What’s next for Walker’s pipeline plans?

Although Gov. Sean Parnell is down 3,000 votes, it’s possible, but unlikely that the 41,000 or so votes left to be counted will swing any other than they did on election night. We’ll know soon enough, but Republican turned Independent Bill Walker is likely to be the state’s next governor and his running mate, Democrat Byron Mallott is likely to be the lieutenant governor.

It’s an odd pairing, only made possible because of the National Guard scandal and the fact that Gov. Sean Parnell seemed to be caught flat-footed after the so-called “Unity Ticket” was announced on Labor Day. Prior, Parnell only had a shell of a campaign structure, which seemed to turn into a real organization only about two weeks before the election. By that time, most of the air-time was already bought and the National Guard issue dominated the media’s attention.

What wasn’t focused on much was the hallmark of Bill Walker’s candidacy: the fate of both of the natural gas pipelines, the smaller ‘bullet line” and the large diameter pipeline. At forums, debates and interviews, Walker has indicated that if he won, major changes would be afoot for both of those projects, as well as for the state agency—the Alaska Gasline Development  Corp—which is charged with managing Alaska’s interest in them.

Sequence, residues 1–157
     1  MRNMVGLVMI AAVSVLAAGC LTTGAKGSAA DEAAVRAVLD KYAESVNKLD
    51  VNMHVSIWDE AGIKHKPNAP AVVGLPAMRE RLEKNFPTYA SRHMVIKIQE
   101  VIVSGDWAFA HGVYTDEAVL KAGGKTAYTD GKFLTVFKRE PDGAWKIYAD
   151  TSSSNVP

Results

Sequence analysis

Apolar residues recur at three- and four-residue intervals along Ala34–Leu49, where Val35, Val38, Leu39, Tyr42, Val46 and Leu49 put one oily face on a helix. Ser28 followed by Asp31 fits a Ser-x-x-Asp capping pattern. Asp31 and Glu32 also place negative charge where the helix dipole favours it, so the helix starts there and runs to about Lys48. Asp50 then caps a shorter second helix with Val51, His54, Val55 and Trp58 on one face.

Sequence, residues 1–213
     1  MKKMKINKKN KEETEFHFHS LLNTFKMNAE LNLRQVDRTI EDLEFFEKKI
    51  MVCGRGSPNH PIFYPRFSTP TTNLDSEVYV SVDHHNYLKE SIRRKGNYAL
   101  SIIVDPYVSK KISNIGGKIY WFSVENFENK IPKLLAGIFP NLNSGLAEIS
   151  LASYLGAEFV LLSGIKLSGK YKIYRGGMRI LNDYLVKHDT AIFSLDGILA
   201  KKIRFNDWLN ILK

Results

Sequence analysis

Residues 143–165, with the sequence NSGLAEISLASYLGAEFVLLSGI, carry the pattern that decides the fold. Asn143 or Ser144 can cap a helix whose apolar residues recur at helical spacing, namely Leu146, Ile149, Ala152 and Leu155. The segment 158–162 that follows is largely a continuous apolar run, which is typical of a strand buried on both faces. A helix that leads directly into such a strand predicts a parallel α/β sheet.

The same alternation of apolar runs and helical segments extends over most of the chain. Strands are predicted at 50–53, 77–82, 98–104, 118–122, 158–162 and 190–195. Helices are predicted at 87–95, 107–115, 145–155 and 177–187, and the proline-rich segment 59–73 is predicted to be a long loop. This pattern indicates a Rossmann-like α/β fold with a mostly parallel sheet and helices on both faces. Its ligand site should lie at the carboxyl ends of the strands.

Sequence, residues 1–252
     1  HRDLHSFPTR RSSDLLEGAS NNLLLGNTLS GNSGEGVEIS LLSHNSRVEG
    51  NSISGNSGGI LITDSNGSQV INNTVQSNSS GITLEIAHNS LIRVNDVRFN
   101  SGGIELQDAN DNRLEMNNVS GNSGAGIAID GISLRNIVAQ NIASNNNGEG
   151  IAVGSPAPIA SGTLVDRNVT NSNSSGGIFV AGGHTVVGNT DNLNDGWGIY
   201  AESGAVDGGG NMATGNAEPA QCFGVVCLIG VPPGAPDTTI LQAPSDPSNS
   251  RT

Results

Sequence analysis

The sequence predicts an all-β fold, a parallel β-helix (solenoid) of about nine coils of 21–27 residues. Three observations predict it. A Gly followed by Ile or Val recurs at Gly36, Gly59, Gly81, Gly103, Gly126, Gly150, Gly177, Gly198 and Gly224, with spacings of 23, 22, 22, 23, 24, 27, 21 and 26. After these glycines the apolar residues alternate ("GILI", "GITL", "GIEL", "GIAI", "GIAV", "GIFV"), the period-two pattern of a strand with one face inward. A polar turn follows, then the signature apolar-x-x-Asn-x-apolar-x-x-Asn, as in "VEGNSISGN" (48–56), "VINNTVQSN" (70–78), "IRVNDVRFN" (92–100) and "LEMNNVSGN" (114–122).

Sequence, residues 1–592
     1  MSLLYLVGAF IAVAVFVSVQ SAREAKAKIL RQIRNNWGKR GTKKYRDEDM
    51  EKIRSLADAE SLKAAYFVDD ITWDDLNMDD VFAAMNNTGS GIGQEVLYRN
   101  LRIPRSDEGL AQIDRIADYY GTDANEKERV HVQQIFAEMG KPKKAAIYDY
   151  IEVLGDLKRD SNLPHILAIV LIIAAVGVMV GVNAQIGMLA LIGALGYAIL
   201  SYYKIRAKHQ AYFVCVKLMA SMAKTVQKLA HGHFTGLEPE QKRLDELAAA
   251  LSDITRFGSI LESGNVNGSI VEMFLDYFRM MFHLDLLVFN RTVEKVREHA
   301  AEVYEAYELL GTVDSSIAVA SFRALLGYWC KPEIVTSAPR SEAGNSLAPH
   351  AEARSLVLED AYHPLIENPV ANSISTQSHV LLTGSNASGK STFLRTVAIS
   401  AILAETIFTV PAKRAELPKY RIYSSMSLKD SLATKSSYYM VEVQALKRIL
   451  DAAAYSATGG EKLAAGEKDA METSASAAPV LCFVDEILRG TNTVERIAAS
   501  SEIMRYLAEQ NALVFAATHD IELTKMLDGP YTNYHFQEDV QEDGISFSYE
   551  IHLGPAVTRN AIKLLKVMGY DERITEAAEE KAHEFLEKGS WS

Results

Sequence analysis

The problem? If Walker wants to change the contracts, and to tinker with AGDC, he’ll likely need, if not legislative approval, at least strong legislative buy-in. That, at least on the face of it, is unlikely to happen anytime soon. At a press conference on Friday announcing the House organization for the next two years, House Speaker Mike Chenault, as well as others in House leadership, indicated that from what he’s heard of Walker’s plans, he’s none too excited with them.

“It will take a change in statue to dismantle AGDC,” Chenault said, an agency which he supports. As to the large diameter gasline, he said that the state is “farther ahead than we’ve ever have been.”

House Majority Leader Charisse Millett also chimed in. No matter who the governor is, “no one is going to slow down the process on the pipeline,” she said.